You think it's rough with your family, be glad you're not having a holiday dinner with the Avengers family. Yeah, imagine what's going on at that holiday dinner table. Ya gotta admit, the conversation is going to be interesting… at least before combat breaks out. As I said, I love the Avengers, but man, they are soooo not the kind of family I would want to sit down with for the holidays...
Hawkeye the Marksman has come a long way in the nearly five decades he's been around. Clint Barton has gone from minor Iron Man villain to the Black Widow's partner to redemptive and rebellious Avenger to the size-changing Goliath to leading an Avengers team, and even leading the Thunderbolts, to now - a big time movie star in Marvel's The Avengers. Heck, he's even worn a skirt. He's not just a guy with a bow and arrows.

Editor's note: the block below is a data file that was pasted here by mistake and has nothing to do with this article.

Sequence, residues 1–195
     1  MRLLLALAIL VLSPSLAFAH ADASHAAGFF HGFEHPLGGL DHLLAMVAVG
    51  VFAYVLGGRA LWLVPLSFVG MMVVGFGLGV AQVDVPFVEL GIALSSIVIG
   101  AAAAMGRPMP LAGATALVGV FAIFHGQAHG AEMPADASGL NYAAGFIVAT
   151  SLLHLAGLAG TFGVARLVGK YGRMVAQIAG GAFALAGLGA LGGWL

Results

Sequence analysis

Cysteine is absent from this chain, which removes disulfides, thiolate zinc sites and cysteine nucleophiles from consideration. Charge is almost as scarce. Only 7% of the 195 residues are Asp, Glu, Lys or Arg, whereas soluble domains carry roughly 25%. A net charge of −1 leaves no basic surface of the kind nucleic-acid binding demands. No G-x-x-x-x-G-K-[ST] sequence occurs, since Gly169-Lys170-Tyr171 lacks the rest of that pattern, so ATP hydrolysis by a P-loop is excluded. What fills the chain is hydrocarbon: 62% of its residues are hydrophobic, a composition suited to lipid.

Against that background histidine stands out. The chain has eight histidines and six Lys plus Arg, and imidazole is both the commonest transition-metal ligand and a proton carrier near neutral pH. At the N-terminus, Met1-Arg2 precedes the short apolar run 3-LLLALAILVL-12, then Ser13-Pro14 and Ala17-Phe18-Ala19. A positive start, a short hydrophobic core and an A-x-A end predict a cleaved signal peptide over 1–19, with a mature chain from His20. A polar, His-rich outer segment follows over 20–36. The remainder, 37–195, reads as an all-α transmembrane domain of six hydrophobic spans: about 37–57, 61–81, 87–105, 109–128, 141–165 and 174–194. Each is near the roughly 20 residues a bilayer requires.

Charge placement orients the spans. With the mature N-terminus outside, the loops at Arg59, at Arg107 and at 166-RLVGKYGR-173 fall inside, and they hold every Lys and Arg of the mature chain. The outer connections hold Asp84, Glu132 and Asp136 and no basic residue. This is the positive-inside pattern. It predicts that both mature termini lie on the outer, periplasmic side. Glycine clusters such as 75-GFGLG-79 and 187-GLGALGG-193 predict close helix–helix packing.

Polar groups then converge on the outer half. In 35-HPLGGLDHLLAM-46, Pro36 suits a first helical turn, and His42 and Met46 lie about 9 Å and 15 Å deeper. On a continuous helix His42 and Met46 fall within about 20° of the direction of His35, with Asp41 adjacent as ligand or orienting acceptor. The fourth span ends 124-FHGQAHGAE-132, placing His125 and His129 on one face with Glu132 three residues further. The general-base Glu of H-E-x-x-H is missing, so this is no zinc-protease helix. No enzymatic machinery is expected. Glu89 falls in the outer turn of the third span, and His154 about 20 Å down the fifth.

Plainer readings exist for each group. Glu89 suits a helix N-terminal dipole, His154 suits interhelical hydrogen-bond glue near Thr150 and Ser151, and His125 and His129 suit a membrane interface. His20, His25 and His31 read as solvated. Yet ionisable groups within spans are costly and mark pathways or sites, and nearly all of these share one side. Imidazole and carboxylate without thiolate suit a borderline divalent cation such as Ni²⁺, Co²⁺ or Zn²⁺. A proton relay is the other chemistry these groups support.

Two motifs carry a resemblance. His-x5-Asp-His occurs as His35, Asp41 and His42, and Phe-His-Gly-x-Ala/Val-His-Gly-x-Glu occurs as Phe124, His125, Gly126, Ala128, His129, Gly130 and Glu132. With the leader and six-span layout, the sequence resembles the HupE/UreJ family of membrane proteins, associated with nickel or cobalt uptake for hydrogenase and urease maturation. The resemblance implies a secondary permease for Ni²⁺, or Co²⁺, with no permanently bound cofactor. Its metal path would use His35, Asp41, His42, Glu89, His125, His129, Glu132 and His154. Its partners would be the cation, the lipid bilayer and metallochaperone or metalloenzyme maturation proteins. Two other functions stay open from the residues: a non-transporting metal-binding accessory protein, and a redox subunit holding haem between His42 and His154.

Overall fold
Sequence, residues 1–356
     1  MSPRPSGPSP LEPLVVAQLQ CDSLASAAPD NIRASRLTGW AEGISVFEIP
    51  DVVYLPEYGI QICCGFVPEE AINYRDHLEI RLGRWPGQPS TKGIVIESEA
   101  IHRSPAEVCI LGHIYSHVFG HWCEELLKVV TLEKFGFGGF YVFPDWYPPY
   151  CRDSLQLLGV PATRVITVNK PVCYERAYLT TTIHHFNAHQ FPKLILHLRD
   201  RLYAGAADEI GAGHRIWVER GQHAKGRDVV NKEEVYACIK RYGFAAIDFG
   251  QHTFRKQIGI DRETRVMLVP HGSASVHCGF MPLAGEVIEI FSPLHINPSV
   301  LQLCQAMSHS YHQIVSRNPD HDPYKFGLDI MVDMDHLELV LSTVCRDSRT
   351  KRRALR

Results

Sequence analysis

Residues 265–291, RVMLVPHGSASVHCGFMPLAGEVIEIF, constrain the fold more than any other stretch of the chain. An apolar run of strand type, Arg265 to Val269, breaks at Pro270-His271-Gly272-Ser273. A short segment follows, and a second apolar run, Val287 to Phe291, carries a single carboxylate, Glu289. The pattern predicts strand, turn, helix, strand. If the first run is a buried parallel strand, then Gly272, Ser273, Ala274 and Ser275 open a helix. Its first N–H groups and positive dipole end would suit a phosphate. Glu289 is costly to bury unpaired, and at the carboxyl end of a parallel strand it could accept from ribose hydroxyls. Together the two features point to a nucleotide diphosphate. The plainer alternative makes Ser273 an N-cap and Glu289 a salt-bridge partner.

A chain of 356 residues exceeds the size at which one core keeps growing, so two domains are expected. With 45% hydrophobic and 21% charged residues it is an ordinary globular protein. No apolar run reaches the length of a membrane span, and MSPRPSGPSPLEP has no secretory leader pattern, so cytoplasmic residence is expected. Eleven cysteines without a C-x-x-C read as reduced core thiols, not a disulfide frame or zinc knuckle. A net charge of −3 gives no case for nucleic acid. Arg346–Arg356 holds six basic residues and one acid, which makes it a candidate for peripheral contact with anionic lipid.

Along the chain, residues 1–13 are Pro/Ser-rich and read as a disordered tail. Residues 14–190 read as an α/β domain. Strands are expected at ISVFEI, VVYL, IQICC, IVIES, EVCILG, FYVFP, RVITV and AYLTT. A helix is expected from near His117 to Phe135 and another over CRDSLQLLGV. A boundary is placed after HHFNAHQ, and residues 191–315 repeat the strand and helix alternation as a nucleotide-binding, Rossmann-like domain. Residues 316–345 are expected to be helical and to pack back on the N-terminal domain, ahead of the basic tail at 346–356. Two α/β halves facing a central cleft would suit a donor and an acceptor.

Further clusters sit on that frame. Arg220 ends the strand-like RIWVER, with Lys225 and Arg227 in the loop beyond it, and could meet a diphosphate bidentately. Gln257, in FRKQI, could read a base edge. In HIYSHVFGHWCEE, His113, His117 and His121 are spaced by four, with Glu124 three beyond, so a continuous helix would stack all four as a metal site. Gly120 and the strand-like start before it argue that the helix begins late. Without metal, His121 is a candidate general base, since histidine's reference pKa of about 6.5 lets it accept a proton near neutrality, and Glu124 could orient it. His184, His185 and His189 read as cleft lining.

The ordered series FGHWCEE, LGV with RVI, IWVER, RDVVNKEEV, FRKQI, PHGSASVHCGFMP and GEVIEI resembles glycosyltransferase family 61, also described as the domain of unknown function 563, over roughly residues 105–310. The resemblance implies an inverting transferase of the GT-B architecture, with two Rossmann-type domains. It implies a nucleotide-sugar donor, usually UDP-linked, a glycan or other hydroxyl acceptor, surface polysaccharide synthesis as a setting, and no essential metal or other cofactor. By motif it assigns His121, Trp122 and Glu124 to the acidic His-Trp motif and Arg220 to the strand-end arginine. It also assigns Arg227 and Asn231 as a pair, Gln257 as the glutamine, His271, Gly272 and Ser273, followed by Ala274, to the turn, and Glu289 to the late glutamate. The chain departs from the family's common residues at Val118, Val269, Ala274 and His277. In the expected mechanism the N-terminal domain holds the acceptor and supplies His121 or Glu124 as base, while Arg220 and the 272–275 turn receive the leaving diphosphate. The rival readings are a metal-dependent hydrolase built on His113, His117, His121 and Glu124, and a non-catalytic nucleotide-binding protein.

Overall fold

Now writer Matt Fraction and artist David Aja (the team that brought us The Immortal Iron Fist) take Hawkeye in a new direction. In Hawkeye #1, our hero enters the grim and gritty crime noir New York City that this character has never really seen before. Aja's art conjures comparison to Darwyn Cooke and Michael Lark, and portrays the city more real than it's ever been in a Marvel comic outside the Punisher's little corner. And Matt Fraction, Matt Fraction is just the man, and he knows his Hawkeye, this time as if through Quentin Tarantino's pen and camera. Great stuff.
Be sure to check out this new take on a treasured and storied character. Hawkeye #1 by Fraction and Aja, a new ongoing series from Marvel Comics, on sale at All Things Fun! this week.
By Glenn Walker